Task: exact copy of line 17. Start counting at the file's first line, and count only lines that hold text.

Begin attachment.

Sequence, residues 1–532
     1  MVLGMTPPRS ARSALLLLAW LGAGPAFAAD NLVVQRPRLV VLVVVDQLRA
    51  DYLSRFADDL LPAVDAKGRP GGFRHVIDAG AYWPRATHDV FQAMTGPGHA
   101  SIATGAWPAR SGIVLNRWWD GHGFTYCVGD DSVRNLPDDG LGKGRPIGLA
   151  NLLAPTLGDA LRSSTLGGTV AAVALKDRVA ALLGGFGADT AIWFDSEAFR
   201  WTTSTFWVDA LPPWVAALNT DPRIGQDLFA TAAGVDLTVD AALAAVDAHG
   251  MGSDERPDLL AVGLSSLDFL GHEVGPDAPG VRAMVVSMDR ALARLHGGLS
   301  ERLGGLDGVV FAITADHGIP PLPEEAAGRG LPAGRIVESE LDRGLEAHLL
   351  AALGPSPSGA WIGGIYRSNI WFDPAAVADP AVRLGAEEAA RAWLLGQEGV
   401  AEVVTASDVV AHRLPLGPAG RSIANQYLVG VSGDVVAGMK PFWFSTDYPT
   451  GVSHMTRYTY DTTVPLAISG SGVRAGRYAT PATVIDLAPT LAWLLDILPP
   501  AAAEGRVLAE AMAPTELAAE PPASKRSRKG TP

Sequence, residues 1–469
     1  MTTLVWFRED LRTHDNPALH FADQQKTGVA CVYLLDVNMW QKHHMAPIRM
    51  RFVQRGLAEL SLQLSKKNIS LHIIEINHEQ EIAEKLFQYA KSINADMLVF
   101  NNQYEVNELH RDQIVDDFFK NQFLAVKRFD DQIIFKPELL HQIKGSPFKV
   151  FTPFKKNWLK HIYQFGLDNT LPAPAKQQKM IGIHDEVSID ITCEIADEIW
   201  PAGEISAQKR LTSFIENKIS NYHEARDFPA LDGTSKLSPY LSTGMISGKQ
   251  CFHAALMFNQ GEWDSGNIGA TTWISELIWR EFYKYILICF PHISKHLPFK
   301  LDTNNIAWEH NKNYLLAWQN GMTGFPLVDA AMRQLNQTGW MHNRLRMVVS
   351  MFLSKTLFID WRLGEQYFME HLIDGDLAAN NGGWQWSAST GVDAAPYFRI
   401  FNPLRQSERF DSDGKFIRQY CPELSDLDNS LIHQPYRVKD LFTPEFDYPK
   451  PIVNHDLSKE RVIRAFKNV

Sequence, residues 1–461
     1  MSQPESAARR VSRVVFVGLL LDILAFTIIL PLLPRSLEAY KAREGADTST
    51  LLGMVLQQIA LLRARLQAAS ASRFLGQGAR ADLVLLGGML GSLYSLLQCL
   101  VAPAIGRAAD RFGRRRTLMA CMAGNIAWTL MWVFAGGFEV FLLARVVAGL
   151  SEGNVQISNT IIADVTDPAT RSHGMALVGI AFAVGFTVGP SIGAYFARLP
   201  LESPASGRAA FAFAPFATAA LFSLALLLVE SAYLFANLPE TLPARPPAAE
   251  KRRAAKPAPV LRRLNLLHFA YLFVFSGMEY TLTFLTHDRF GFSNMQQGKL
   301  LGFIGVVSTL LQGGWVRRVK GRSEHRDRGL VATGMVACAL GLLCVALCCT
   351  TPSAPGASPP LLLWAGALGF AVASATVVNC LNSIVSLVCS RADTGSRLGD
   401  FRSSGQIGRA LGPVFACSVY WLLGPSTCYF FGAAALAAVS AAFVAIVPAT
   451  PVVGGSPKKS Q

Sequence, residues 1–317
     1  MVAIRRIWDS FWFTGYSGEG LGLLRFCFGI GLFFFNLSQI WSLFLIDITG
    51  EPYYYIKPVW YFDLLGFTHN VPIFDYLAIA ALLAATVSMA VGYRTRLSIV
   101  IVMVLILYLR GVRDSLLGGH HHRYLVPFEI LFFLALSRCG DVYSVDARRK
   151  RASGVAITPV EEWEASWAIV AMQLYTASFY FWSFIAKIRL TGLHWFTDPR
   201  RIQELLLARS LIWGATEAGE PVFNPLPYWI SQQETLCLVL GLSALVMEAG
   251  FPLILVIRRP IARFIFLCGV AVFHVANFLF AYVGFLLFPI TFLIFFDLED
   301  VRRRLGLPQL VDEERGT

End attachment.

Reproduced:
   151  FTPFKKNWLK HIYQFGLDNT LPAPAKQQKM IGIHDEVSID ITCEIADEIW